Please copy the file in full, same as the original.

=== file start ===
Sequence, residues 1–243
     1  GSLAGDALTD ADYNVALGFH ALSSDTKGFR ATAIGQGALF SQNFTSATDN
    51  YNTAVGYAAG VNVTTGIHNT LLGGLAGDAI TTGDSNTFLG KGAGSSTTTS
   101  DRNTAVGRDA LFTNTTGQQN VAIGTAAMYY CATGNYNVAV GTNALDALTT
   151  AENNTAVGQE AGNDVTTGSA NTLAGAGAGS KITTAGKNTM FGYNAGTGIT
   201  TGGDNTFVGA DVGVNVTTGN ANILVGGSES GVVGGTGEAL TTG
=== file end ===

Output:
Sequence, residues 1–243
     1  GSLAGDALTD ADYNVALGFH ALSSDTKGFR ATAIGQGALF SQNFTSATDN
    51  YNTAVGYAAG VNVTTGIHNT LLGGLAGDAI TTGDSNTFLG KGAGSSTTTS
   101  DRNTAVGRDA LFTNTTGQQN VAIGTAAMYY CATGNYNVAV GTNALDALTT
   151  AENNTAVGQE AGNDVTTGSA NTLAGAGAGS KITTAGKNTM FGYNAGTGIT
   201  TGGDNTFVGA DVGVNVTTGN ANILVGGSES GVVGGTGEAL TTG